(Close reading of the passage between pages 184-186, “What business had the Bradshaws to talk of death at her party? . . . She must assemble. She must find Sally and Peter. And she came in from the little room.”)
In Mrs. Dalloway, Virginia Woolf explores themes like mortality, repression, and the richness and importance of the inner life. The brilliance of the novel is not the rise and fall of the action in the story, but the way Woolf uses a modern, descriptive internal narrative structure as a way to build insight into the motivations of each character, rather than relying on purely on character interaction and exposition. Since the characters tell the story to us through their internal monologue, and since each character has their own agenda, the reader is allowed the time to slowly build and change their perception of each player in the story. Nothing is objectively stated. The narration follows a cast of interconnected characters, hour by hour, over the course of a single day in post-World War I Britain, centering on the titular Mrs. Dalloway, an aging society wife, as she makes last-minute preparations for a party.
The climax of the novel, as I see it, takes place as the party finally comes together. Sometime after midnight, Clarissa overhears some of her guests discussing the tragic suicide of a young veteran earlier that afternoon, and she is incensed to have the specter of death descend on her meticulously planned party. She retreats to another part of the apartment to think, away from her guests. The fear of mortality has been troubling Clarissa for a while, having recently recovered from a bout of ill health. During the course of the story, the constant tolling of Big Ben follows Clarissa and other characters as they go about their day, representing the constant flow of time and often inspiring reflection. Her daughter is nearly grown and the relics of her past at Bourton are just memories—Sally is now the picture of a wife and mother, Peter is in town purely to arrange his girlfriend’s divorce, and her relationship with Richard is seemingly successful but notably distant. Though she tries to deny it, Clarissa is a woman with regrets. Her internal monologues are extensive and she clearly has an active mind, a fact of which she is aware, and her self-consciousness about aging and the passing of time is amplified by it. She is a woman defined by her passions and her subsequent attempts to suppress them, and she finds it hard to believe all that activity will end at her death. Early in the novel, she allays her fear of death with the thought that a piece of her would go on living in her home, the streets she walked, in her relationships with her friends and family. But Clarissa is also aware that every day, something in her becomes more “obscured” in her efforts to conform to society life—she “lets drop” the thing that most matters, her own self.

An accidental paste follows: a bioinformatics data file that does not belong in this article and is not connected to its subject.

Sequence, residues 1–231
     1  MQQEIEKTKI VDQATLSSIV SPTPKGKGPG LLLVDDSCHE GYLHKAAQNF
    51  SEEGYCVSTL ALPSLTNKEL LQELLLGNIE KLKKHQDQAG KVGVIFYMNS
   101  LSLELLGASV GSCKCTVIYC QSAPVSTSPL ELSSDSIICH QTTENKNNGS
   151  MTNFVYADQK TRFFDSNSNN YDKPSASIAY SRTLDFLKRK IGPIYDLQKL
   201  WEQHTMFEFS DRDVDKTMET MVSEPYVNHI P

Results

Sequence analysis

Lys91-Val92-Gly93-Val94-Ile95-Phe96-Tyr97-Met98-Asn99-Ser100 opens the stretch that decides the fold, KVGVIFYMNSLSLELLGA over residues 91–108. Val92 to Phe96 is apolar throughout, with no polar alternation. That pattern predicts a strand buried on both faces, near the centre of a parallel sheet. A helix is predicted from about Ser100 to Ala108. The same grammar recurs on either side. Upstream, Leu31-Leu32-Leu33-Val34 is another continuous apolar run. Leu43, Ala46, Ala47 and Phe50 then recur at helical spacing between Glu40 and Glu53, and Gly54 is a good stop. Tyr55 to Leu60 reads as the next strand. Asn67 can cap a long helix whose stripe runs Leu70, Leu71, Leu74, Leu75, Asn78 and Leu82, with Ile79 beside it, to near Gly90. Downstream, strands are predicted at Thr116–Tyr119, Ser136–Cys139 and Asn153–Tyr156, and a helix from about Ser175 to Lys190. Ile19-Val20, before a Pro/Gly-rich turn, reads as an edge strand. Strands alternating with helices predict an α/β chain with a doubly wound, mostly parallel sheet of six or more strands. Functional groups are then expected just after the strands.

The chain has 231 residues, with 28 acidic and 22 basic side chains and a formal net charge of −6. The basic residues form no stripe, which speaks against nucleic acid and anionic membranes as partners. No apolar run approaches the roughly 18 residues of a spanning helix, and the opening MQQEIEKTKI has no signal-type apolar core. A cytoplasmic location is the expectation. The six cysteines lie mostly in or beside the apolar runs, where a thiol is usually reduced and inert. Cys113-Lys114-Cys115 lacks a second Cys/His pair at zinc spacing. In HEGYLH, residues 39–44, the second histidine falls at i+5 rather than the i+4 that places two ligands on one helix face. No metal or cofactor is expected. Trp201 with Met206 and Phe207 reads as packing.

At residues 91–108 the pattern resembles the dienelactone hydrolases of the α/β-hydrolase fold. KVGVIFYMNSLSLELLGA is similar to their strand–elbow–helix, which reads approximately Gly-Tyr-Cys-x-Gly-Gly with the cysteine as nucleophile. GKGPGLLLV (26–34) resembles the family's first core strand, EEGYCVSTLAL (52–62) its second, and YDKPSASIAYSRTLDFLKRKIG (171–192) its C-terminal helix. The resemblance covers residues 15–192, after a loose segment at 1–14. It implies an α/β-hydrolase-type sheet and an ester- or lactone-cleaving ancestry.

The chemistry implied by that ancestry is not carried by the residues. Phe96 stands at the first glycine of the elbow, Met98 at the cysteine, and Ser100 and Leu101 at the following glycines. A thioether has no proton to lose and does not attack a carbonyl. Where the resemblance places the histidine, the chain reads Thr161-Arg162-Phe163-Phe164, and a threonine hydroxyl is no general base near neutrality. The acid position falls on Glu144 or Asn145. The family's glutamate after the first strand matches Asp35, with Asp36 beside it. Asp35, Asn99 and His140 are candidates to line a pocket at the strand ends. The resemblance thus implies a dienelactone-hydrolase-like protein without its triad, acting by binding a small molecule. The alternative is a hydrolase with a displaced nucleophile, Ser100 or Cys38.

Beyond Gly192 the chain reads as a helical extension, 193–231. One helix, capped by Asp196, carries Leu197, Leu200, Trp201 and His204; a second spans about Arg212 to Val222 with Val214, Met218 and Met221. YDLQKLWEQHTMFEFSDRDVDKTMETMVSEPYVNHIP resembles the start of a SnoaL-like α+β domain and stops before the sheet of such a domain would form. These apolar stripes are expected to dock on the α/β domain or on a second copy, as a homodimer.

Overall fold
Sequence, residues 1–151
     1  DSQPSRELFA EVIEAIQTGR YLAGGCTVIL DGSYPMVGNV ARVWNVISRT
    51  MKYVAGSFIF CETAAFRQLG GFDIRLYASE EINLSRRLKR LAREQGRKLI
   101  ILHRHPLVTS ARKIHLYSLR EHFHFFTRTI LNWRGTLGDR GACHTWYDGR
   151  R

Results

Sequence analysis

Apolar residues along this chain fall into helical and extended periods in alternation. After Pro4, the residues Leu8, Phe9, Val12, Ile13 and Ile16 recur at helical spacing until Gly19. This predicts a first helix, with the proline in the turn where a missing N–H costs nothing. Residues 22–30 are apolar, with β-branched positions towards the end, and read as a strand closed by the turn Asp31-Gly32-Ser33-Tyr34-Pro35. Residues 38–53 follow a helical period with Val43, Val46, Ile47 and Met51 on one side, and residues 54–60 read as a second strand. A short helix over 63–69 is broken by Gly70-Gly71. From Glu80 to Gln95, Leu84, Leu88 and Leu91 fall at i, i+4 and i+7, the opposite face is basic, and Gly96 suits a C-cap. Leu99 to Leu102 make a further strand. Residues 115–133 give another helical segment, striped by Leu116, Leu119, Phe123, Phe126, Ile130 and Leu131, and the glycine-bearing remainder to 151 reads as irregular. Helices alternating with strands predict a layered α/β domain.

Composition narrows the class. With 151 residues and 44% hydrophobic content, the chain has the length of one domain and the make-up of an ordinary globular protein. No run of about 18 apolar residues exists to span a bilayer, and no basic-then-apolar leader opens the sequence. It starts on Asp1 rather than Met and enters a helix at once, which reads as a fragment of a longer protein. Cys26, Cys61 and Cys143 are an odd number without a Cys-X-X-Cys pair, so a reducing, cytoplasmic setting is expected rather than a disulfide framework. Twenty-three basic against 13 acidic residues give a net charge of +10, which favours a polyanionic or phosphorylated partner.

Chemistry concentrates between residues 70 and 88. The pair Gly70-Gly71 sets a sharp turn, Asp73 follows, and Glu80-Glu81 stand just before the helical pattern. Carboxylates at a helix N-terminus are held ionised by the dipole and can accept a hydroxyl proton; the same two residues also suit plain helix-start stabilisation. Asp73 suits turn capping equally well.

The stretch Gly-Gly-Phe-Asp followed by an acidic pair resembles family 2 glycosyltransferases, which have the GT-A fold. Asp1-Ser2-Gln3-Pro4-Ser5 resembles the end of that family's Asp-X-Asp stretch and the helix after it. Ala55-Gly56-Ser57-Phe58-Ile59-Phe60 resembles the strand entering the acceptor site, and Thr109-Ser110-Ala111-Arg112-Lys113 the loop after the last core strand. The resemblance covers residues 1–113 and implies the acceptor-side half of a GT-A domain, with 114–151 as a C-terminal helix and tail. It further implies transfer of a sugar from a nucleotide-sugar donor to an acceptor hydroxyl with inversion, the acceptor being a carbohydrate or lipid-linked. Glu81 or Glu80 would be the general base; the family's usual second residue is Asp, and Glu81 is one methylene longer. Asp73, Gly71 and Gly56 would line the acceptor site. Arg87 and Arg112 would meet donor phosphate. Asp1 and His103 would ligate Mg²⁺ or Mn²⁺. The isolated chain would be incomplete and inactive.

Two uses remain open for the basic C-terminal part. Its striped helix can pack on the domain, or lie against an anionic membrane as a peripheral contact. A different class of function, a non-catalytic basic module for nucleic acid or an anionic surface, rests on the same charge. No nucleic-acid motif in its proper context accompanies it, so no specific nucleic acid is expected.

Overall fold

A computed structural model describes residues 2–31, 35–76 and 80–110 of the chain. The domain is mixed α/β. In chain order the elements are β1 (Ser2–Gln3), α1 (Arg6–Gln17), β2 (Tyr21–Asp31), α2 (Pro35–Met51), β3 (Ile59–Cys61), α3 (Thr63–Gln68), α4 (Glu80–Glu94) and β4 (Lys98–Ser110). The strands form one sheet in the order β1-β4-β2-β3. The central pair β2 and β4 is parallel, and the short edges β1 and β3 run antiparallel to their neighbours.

Septimus Smith, however, sees death in another way. Very much a parallel character to Clarissa, his shell-shock and inability to communicate with those around him fuels his isolation. He sees death as the ultimate act of self-determination, especially when faced with Doctor Holmes’ and Bradshaw’s plans for his treatment. Clarissa also sees the autonomy in his suicide; she compares it to her own most defiant moment—throwing a shilling into a lake (184). While Clarissa is so scared of death that she would continue living in a society where her identity is stunted daily, Septimus chooses death rather than life in this “wicked” place. Clarissa feels ashamed; she sees much of the same corruption and wickedness as Septimus, but she chooses to continue her life of comfort rather than dying on principle.
As Clarissa leaves her party guests to think in solitude, the metaphor of the room comes to prominence. In Mrs. Dalloway, the “room” is representative of the inner self. Throughout the novel, Clarissa’s drive to properly socialize is often at odds with a desire for solitude and quiet, and the points when she is alone in a room are points at which her internal monologues become even more personal, like when she retreats to the attic room she stayed in during her sickness. Other characters, like Mrs. Kilman, also emphasize the “room” as a personal, introspective space. Sir Bradshaw invokes the room metaphor when confronted with Septimus’ madness; he is offended by Septimus’ disregard for order and distrust of doctors. Bradshaw twice mentions that action must be taken when someone “comes into your room” (99) and challenges your beliefs. Septimus, feeling trapped by the expectations of a society he doesn’t respect, throws himself from a window to escape the room, representing his freedom from the frustration he feels at his surroundings. He states he didn’t want to die; it was other humans, not life itself, which troubled him.
Clarissa looks out the window across the way and is startled to finally see her neighbor looking back at her. For a minute, Clarissa watches this other old woman in her own bedroom go about her nightly routine. There’s a loud party going on outside in Clarissa’s apartment, but this other individual is quietly going to sleep. Clarissa feels more at ease and she notes the beauty of the late sky, like she had always done at Bourton and Manchester. The clock strikes three and for the first time Clarissa is unconcerned with what time it is, instead refocusing on her earlier conclusion that she lives her life because she enjoys the act of living, regardless of her regrets. She refuses to pity Septimus as she still sees the merit in his act, but Clarissa makes a different choice. She leaves her little room to return to her party.